Sophie Scholl was a bright, committed, serious 22-year old woman who joined a growing resistance of various intellectuals and students in 1942-43 to oppose Adolf Hitler. Scholl ended up paying for her involvement by being arrested, interrogated and beheaded, all within six short days in the summer of 1943. She was part of what was known as The White Rose, a student resistance group that produced a series of six leaflets to undermine their government following their miserable military defeat at Stalingrad, a defeat that cost so many German lives and showed where the future would lead under German national-socialism. This led to the idea of "All Our War, " a new phase which would foolishly lead to the death of millions more, both Germans and the Western allies who fought against them.
Director Marc Rothemund, using long-buried historical records, beautifully recreates Sophie Scholl’s last six days in this moving 2006 movie, now available on DVD: Sophie Scholl—The Final Days. The film was nominated for a Best Foreign Film Oscar. It is in German, of course, with English subtitles. Julia Jentsch, the young German actress who portrays Sophie, does do with incredible realism and deeply felt human emotion. The interviews and portraits of her that appear on the features are quite revealing.
Since only six days of Sophie’s life are directly portrayed in this film the story moves along with an intensity that feels like a very short 117 minutes of running time. It is all a heartbreaking reminder of the price that must sometimes be paid to truly love one’s neighbors and thus to serve the interests of real freedom not one’s self. (Sophie was also arrested with her brother, who also died.) This story is hard to watch, with its true “wire-tight suspense.” Though it may sound like just another Nazi political film it is so much more than a lesson in the horrors of Nazi ideology, especially with the extra interviews included on the DVD version. Frankly this marvelous film is a grim reminder of how both courage and depth of thought can lead someone to give up their life for others they love. As a Christian I believe far too few of us understand this and would be willing to sacrifice with our lives for the love of our neighbors, especially if the driving force involved political ideology. And if that ideology has the blessing of many of our pastors, as was the case in Germany, then what would we do? We may not be on the verge of such a time but we never know. I think it best that we think this through deeply and love as if it could become our choice in times we do not foresee.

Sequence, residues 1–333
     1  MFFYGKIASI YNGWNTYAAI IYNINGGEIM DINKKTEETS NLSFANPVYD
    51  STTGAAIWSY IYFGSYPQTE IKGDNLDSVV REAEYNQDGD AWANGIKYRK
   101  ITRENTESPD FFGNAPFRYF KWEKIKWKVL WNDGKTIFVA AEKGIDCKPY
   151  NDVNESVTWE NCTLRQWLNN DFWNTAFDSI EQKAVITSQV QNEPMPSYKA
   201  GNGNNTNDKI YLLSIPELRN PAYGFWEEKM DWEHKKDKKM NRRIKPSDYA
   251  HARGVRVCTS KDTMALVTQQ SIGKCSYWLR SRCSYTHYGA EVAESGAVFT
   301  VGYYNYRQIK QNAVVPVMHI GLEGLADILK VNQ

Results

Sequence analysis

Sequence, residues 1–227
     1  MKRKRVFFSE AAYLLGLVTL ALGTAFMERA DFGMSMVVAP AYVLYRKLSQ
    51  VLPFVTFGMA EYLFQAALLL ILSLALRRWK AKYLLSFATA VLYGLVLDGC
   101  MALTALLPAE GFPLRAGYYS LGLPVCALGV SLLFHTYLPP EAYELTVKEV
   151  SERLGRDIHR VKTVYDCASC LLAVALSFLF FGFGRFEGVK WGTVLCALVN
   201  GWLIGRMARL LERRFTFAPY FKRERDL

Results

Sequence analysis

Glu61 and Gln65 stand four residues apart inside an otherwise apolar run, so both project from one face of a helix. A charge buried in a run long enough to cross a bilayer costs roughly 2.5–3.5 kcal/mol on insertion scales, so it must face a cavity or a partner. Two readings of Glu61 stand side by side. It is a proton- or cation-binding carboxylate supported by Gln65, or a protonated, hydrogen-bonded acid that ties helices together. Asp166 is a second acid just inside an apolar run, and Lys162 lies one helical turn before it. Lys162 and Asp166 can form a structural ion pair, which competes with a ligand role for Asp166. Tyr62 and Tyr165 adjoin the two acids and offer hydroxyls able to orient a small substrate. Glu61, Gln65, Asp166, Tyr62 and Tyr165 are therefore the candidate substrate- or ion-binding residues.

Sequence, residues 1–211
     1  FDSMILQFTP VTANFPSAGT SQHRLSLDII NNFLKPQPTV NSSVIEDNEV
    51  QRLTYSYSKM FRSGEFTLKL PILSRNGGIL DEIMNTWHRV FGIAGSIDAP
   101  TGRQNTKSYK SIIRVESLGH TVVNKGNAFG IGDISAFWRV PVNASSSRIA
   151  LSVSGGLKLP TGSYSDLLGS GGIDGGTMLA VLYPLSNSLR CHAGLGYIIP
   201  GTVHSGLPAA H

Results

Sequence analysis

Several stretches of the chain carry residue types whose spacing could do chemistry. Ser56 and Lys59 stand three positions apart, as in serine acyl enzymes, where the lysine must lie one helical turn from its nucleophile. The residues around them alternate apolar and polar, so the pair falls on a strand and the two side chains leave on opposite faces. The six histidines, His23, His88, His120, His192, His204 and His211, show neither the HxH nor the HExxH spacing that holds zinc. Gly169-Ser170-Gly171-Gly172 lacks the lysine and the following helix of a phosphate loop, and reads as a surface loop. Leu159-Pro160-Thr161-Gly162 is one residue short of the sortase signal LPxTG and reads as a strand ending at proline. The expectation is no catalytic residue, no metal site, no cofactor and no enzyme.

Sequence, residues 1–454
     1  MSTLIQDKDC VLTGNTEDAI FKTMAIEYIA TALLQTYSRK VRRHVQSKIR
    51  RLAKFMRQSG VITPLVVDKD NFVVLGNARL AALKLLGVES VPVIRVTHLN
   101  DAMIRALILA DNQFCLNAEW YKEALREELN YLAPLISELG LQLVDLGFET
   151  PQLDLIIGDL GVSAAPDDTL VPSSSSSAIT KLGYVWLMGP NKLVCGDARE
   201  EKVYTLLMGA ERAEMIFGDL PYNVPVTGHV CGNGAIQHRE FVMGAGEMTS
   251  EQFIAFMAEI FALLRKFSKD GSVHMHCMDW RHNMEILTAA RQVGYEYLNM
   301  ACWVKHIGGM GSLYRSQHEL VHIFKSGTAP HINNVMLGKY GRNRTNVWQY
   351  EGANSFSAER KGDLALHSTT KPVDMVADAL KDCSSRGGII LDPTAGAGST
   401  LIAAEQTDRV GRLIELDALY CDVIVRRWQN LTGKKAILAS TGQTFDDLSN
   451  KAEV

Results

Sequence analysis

Several of the most moving scenes in this film surround Sophie’s obvious faith in Christ. She seems to begin with a weak, almost unformed and nervous faith, but under the stress of the six intense days she clearly reached out to God, prayed meaningful and passionate personal prayers and received the final blessing of a German minister in her cell. His comment, as he leaves, is that to her love involves laying down one’s life for their friends and thus she had the love of Christ in her. (This scene I watch
several times.) But the most moving scene of all was when her elderly parents saw her the last time. Her dad, who was quite conflicted about her activities in the first place, embraced her and his last words were: “Sophie, I love you and I am proud of you!” And her mom, with great dignity and love, says, through tears: “Sophie, remember Jesus, remember Jesus!” The director admitted that as an atheist he could not have faced his own death with such grace and courage. You will know why he says this if you see this film. (The photo to the left is of a memorial of two crosses for Sophie and her brother.)
The film is not rated but except for the chilling story told there is nothing offensive to the movie unless you can’t watch drama like this without it disturbing you. I hope many of you will see it. A New York Times film critic wrote: "A gripping story. It challenges you to gauge your own courage." It most prompted that in me.
After watching this film I watched the much praised classic film about the impact of the Holocaust, Sophie’s Choice. This excellent film earned Meryl Streep an Oscar as best actress in the 1982 Academy Awards. It is a fine film, for sure, but Sophie Scholl is not a fictional account thus had an entirely different feel to me personally. Furthermore, Sophie’s Choice, is a rich and powerfully acted drama but the message of faith and hope is plainly missing whereas in Sophie Scholl is is profoundly present.